During a Le Fort I osteotomy, the maxilla can be advanced in order to address an AP deficiency. The osteotomy is performed along the pyriform rims and extends posteriorly into the pterygomaxillary regions. Some clinicians advocate modifying the osteotomy in order to encompass a more superior aspect of the maxilla during the AP advancement (high Le Fort I, quadrangular Le Fort I). However, the location of the infraorbital foramen dictates how “high” a Le Fort I osteotomy can be performed. In patients with a negative vector and maxillary deficiency, the deficiency of the infraorbital rims is actually located above the infraorbital foramen, thereby obviating the potential benefits of a modified Le Fort I osteotomy. Terino , in 2005, described the specific aspects of the cheek/infraorbital complex that can be surgically enhanced with alloplastic augmentation . Others have advocated augmentation of other parts of the mid-face with alloplastic implants . Using this technique, we describe our approach in the augmentation of the deficient infraorbital rims using silicone implants at the time of a Le Fort I osteotomy.

Patient selection and surgical procedure

Pre-operative evaluation of the orthognathic surgery is performed as usual. Hall marks of maxillary AP deficiency such as a concave facial appearance, class III malocclusion, shortened upper lip, and prominent nasolabial folds are noted. Examination of the mid-face also includes a thorough evaluation of the lower lid/cheek complex, especially in the profile view. The presence of scleral show, prominent lower lid fat pads, and orientation of the globe compared with the infraorbital areas are accounted for. The patient is appropriately counseled on the presence of a negative vector and surgical options such as alloplastic silicone augmentation is discussed ( Fig. 2 ).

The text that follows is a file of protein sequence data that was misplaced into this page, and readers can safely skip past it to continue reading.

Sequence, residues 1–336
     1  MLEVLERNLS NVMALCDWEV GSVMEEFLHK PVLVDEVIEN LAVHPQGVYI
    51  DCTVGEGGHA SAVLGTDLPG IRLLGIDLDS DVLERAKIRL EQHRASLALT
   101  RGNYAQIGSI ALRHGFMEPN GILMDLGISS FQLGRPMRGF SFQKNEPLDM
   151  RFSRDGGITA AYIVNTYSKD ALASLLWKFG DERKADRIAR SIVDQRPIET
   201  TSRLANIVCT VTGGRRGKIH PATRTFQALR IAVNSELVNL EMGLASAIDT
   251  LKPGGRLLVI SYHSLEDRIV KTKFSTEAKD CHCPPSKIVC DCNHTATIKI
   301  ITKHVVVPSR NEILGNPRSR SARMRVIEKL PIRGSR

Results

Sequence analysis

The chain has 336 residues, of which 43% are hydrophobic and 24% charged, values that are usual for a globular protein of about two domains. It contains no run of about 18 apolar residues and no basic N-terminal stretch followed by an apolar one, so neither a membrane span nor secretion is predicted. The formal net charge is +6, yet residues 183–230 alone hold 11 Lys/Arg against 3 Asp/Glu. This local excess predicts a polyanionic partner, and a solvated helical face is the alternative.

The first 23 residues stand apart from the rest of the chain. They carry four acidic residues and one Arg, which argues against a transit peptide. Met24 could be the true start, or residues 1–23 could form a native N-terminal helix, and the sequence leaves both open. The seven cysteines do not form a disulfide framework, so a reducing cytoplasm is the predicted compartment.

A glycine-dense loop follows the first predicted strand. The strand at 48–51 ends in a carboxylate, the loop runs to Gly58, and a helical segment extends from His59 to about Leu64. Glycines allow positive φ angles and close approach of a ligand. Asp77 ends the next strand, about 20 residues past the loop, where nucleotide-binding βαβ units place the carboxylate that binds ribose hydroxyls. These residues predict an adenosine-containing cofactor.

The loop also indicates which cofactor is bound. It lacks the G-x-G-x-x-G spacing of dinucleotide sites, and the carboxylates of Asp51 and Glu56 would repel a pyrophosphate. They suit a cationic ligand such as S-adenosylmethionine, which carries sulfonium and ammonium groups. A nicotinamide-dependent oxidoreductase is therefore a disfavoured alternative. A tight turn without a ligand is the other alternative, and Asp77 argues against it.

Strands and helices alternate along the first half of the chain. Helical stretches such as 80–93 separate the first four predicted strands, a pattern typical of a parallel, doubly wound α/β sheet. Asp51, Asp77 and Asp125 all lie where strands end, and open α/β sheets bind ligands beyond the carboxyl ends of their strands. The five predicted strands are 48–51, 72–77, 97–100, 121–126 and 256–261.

Fig. 2
Ideal position of the implant compared to the osteotomy plates.

Using appropriate sizers, a silicone implant designed to augment the deficient infraorbital rims is chosen. This implant must augment the entire infraorbital region around the infraorbital foramen corresponding to the area of greatest bony deficiency. It is usually advisable to choose a small or medium-sized implant in order to achieve harmony between the infraorbital rims and the lower aspect of the upper jaw, since the maxillary osteotomy will address the deficiency at the Le Fort I level.